Verizon DBIR 2014: Incident Classification Patterns

[Note: Rich, Adrian, and Mike are all traveling today, so we asked Jamie Arlen to provide at least a little perspective on an aspect of the DBIR he found interesting. So thanks Jamie for this. We will also throw Gunnar under the bus a little because he has been very active on our email list, with all sorts of thoughts on the DBIR, but he doesn’t want to share them publicly. Maybe external shaming will work, but more likely he’ll retain his midwestern sensibilities and be too damn nice.] As usual, the gang over at Verizon have put a lot of information and effort into the 2014 edition of their DBIR (registration required). This is both a good thing and a bad thing. The awesome part is that there are historically very few places where incident information is available – leaving all too many professionals in the position of doing risk mitigation planning, based on anecdotes, prayer, and imagination. The DBIR offers some much-needed information to fill in the blanks. This year you will note the DBIR is different. Wade, Jay, and the gang have gone back to the data to provide a new set of viewpoints. They have also done a great job of putting together great graphics. Visualization for the win! Except that all the graphics are secondary to the high quality data tables. Of course graphics are sexy and tables are boring. Unless you have to make sense of the data, that is. So I will focus on one table in particular to illustrate my point.   This is Figure 19 (page 15 printed, 17 of 62 in the PDF) – click it to see a larger version. You may need to stare at it for a while for it to even begin to make sense. I have been staring at it since Friday and I’m still seeing new things. Obvious things Accommodation and Point of Sale Intrusion: No real surprise here. The problem of “the waiter taking the carbons” in the 70’s seems to be maintaining its strength into the future. Despite the efforts of the PCI Council, we have a whole lot of compliance but not enough security. And honestly, isn’t it time for the accommodation industry to make that number go down? Healthcare Theft/Loss: Based on the news it is no great surprise that about half the problems in healthcare are related to the loss or theft of information. We have pretty stringent regulation in place (and for years now). Is this a case of too much compliance and not enough security? It is time to take stock of what is really important (protecting the information of recipients of health care services) and build systems and staff capabilities to meet patient expectations! Interesting things Industry = Public: Biggest issue is “Misc. Error”. I didn’t know what a Misc Error was either. It turns out that it is due to the reporting requirements most of the public sector is under – they need to (and do) report everything. Things that would go completely unremarked in most organizations are reported. Things like, “I sent this email to the wrong person,” “I lost my personal phone (which had access to company data),” etc. I vaguely remember something from stats class about this. Incident = Denial of Service: The two industries reporting the largest impact are ‘Management’ and ‘Professional’. If you look at the NAICS listings for those two industry categories, you will see they are largely ‘offices’. I would love a deeper dive into those incidents to see what’s going on exactly and what industries they really represent. The text of the report talks primarily about the impact of DoS on the financial industry, but doesn’t go into any detail on the effects on Management and Professional. You can read into the report to see that the issue may have been the takeover of content management systems by the QCF / Brobot DoS attacks. Incident = Cyber Espionage: Just sounds cool. And something we have all spent lots of time talking about. It seems to affect Mining, Manufacturing, Professional and Transportation in greater proportion than others. Again, I’d love a look at the actual incidents – they are probably about 10% Sneakers and 90% Tommy Boy. If you are working in those industries you have something interesting to talk to your HR department about. There shouldn’t be any big surprises in this data, but there are plenty of obvious and interesting things. I am still staring at the table and waiting for the magic pattern moment to jump out at me. Though if I stare at the chart long enough, I think it’s a sailboat. Share:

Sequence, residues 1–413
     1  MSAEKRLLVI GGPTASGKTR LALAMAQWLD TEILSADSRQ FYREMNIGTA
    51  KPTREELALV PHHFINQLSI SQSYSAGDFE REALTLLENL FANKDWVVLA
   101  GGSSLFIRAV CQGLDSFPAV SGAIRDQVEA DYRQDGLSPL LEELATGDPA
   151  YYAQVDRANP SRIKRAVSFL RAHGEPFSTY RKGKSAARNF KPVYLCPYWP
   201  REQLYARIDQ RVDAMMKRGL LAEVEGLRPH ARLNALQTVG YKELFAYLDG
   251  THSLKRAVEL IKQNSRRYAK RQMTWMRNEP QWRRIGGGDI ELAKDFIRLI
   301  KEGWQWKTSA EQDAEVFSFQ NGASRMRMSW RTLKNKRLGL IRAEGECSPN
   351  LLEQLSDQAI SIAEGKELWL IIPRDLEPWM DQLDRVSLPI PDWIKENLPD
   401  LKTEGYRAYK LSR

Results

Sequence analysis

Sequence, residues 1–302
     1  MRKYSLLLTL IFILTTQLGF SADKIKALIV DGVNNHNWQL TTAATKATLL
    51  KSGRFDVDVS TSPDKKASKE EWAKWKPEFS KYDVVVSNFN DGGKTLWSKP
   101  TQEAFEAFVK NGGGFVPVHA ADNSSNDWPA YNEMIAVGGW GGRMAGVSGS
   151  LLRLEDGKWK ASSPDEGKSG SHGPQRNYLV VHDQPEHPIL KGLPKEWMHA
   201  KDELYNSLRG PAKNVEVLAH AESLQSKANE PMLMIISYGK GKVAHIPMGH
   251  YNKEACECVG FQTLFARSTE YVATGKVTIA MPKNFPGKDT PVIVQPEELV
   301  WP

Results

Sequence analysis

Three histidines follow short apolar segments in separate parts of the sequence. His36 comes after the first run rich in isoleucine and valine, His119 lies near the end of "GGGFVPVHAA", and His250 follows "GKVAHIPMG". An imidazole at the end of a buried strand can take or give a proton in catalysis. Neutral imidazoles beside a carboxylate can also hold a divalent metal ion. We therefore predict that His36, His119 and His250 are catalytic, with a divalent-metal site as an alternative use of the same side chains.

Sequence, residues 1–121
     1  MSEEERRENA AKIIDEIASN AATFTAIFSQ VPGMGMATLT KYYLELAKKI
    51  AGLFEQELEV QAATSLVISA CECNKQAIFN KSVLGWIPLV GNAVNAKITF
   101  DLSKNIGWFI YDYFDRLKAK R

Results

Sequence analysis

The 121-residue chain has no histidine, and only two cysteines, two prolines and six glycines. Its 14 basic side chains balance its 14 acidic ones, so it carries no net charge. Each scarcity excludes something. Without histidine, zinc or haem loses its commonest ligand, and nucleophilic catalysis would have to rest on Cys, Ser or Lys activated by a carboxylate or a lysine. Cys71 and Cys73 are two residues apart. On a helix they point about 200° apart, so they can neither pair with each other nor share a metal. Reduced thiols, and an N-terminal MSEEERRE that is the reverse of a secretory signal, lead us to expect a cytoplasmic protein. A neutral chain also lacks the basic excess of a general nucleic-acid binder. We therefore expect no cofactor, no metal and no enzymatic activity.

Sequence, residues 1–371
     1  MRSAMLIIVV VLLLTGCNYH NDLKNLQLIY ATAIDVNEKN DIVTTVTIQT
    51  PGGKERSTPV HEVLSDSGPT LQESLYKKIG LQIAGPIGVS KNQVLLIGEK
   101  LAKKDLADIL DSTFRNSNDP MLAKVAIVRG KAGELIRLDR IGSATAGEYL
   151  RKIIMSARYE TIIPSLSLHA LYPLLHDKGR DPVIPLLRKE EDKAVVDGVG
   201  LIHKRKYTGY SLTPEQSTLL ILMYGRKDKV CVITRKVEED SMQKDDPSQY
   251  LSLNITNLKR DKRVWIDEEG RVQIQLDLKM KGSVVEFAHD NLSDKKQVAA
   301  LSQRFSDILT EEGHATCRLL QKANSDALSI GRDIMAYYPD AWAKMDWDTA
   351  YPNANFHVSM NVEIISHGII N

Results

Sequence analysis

Read Post

Understanding Role Based Access Control: Advanced Concepts